Supported data stores

Our aim is to support all popular data stores with Bach. Currently we support PostgreSQL and Google BigQuery; see below for more details and tips on each. Amazon Athena support is coming soon, and our roadmap includes Databricks, Redshift, Clickhouse, etcetera.

PostgreSQL

Out of the box, the Objectiv Collector comes with a PostgreSQL database. There are no known compatibility issues - please let us know if you find any.

Google BigQuery

Google BigQuery is supported via a Snowplow pipeline. See how to set up Google BigQuery.

A few things are useful to keep in mind while modeling on BigQuery, see the tips below.

Use valid column names

The Series in a Bach DataFrame map directly to database columns, hence a Series name must be a valid BigQuery column name, and contain only letters (a-z, A-Z), numbers (0-9), or underscores (_), and it must start with a letter or underscore. Consider this especially when using DataFrame.unstack().

Use a data sample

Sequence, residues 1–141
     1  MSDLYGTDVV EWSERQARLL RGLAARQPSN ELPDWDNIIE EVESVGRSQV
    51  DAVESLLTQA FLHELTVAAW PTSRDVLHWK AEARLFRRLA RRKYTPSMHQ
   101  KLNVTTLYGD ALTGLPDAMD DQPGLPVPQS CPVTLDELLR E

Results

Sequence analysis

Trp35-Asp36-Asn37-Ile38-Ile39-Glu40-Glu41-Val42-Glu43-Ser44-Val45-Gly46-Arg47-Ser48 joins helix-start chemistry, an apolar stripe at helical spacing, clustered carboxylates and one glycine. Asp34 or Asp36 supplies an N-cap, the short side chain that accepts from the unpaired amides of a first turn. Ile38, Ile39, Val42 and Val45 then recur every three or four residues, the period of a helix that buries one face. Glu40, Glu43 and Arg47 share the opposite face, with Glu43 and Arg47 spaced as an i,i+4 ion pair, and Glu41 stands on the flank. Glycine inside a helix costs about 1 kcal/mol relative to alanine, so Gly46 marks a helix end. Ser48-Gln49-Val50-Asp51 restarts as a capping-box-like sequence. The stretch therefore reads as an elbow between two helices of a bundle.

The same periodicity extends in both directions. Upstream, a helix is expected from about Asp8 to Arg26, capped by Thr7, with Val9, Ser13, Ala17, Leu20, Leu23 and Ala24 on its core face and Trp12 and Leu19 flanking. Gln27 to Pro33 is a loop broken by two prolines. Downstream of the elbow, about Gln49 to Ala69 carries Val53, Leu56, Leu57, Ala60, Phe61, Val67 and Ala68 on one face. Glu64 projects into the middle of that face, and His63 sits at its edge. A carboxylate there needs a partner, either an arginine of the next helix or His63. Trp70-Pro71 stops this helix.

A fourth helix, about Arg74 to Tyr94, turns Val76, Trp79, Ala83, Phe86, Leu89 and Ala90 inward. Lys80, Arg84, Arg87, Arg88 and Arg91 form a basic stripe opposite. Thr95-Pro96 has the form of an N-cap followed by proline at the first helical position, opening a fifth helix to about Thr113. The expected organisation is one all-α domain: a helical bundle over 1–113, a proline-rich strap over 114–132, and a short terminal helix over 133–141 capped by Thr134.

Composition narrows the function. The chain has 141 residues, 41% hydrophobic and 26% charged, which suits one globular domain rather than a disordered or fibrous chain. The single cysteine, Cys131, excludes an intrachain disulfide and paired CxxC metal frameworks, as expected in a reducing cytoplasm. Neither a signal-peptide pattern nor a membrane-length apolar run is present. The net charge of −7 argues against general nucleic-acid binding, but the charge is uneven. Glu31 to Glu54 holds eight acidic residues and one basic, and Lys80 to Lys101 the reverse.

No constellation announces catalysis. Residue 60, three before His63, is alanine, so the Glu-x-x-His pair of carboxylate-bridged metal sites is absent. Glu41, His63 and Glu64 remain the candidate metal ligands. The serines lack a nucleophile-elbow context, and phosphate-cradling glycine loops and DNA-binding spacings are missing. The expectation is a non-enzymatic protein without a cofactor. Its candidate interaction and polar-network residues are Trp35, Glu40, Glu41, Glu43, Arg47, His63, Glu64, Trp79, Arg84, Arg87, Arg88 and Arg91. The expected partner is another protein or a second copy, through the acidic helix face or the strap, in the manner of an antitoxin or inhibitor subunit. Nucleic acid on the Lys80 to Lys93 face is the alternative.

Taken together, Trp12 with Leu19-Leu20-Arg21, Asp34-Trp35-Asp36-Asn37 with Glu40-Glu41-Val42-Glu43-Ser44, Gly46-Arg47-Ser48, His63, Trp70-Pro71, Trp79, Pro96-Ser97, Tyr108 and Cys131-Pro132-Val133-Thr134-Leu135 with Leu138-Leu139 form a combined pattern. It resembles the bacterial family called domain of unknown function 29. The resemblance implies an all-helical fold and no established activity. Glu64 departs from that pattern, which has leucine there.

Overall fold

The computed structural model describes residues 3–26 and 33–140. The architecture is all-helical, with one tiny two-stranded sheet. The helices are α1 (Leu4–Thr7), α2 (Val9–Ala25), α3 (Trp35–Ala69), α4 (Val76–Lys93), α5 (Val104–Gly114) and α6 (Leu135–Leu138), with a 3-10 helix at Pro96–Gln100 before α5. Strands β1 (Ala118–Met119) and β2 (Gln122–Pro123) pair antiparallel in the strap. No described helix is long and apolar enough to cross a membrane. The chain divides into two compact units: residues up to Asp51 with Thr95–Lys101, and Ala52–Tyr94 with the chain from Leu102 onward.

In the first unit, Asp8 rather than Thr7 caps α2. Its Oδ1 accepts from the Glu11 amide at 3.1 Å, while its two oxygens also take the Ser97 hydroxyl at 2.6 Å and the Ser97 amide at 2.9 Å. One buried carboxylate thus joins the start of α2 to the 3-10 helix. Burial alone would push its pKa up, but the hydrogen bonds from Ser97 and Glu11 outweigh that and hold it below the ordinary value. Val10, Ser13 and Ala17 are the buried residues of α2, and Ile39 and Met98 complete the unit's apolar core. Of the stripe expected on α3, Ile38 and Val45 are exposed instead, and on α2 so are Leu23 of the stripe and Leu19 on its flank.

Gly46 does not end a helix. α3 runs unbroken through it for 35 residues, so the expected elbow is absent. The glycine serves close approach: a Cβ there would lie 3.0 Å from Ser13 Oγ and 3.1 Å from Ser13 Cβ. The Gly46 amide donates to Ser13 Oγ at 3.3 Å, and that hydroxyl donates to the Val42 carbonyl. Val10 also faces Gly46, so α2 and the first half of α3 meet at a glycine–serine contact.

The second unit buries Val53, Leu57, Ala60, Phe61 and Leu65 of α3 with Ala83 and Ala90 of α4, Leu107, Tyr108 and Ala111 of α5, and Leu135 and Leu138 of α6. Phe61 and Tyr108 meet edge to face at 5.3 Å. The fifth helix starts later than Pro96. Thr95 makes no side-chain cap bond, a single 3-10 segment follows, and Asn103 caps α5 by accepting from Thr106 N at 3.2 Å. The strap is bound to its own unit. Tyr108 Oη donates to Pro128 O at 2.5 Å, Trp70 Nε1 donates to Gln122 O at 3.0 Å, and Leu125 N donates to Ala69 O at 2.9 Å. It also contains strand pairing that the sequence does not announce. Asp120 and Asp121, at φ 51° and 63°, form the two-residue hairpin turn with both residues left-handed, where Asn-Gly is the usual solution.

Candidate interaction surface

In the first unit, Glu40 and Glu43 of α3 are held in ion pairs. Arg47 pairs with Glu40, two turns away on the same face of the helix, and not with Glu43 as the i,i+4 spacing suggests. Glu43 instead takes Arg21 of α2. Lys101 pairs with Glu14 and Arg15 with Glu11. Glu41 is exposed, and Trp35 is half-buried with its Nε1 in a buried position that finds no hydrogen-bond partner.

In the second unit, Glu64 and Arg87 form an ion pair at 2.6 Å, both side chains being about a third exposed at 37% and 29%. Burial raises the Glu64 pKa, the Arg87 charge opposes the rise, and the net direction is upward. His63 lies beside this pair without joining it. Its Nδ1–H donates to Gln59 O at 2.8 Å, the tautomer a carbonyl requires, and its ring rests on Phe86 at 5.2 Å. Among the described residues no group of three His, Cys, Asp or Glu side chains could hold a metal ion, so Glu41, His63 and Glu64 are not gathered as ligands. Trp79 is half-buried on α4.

Querying big datasets can be expensive with BigQuery. To get a smaller sample of the current DataFrame, use DataFrame.get_sample():

table_name = 'objectiv-production.writable_dataset.table_name'
df.get_sample(table_name, sample_percentage=10)

This creates a permanent table, so make sure you have a write access.

Use temporary tables to limit query complexity

Sometimes complex operations on Bach cannot be executed on BigQuery and you might get an error:

Resources exceeded during query execution: Not enough resources for query planning - too many subqueries or query is too complex.

If the underlying SQL query is complex for your dataset and you still need to apply other operations, in order to avoid the query becoming too complex (and getting the error above), you should first materialize the current DataFrame as a temporary table:

df = df.materialize(materialization='temp_table')

and then continue to do all the other operations.

One way of checking SQL complexity is to print the resulting query:

display_sql_as_markdown(df)